With particular reference to FIGS. 9A and 9B, it is seen that the underside of the plate 17 reveals a roller 77 rotatably mounted on a bracket 79, 81. The roller rotates on an axle and the bracket allows vertical adjustment of the elevation of the roller 77 with respect to the plate 17 a distance of about 4″ to 6″. This is also seen with reference to FIG. 12. The roller 77 permits the device 10 to more easily glide along the ground when it is not being tipped over to one side or the other. The roller 77 may be vertically adjusted with respect to the plate 17.

FIG. 13 also shows the location of the roller 77.

The present invention other than the pad is preferably made of metal components including steel tubing, steel plates, and steel rods as well as strong metal fasteners. The fill port may include a valve or a screw on cap 14 releasably attachable on a tube 13.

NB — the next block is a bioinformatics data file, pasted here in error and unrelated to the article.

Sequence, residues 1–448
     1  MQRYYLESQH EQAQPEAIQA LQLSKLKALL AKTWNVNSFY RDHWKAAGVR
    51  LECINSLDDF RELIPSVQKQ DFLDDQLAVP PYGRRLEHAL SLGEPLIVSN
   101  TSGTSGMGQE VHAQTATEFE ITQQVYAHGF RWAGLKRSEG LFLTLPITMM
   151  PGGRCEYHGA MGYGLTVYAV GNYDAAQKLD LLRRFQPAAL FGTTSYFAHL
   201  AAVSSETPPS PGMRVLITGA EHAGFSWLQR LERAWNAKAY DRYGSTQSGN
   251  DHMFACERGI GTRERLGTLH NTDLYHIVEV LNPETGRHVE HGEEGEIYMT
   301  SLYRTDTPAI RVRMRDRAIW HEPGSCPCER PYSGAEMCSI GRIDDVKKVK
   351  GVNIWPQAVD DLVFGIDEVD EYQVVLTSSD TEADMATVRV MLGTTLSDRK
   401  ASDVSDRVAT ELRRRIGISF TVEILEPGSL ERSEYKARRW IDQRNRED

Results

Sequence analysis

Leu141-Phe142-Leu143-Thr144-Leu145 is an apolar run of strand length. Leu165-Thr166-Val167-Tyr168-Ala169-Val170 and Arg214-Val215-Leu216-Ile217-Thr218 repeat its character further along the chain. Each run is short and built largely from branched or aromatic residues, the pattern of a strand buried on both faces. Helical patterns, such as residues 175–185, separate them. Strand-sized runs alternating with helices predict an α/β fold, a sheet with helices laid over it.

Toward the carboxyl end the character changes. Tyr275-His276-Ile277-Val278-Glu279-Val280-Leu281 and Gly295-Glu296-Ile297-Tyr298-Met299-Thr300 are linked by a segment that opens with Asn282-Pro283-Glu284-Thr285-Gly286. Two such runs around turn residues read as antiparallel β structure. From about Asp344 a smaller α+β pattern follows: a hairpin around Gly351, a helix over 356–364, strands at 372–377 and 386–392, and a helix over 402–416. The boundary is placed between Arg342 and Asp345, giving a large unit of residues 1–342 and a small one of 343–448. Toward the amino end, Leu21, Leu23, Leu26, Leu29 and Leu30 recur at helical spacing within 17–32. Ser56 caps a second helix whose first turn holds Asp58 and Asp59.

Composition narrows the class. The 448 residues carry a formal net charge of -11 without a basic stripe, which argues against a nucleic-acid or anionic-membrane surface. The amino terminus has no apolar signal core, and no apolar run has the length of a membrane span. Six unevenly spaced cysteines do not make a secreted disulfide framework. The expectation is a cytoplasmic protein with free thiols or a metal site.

Through use of the present invention, a player or coach may stand on the plate 17 and grasp the handle 21 to make sure they are secure on the plate 17 when the device 10 is moved by a player. The bracket 35 is vertically adjustable to adjust the vertical location of the pad 30. The bracket 35 is also rotatable with respect to the plate 17, either through adjustment or impact on the pad 30 by a player. The rod 23 is pivotable with respect to the bracket 17 to allow it to be laid down flat as shown, for example, in FIG. 4.

As best seen with respect to FIGS. 8 and 9, the inventive device 10 may be pivoted sideways. Based on its low center of gravity, it will automatically right itself to the orientation shown in FIGS. 1-7.

Accordingly, an invention has been disclosed in terms of a preferred embodiment thereof which fulfills each and every one of the objects of the invention as set forth hereinabove, and provides a new and useful improved pop-up tackling practice machine of great novelty and utility.

Of course, various changes, modifications, and alterations in the teachings of the present invention may be contemplated by those skilled in the art without departing from the intended spirit and scope thereof.

As such, it is intended that the present invention only be limited by the terms of the appended claims.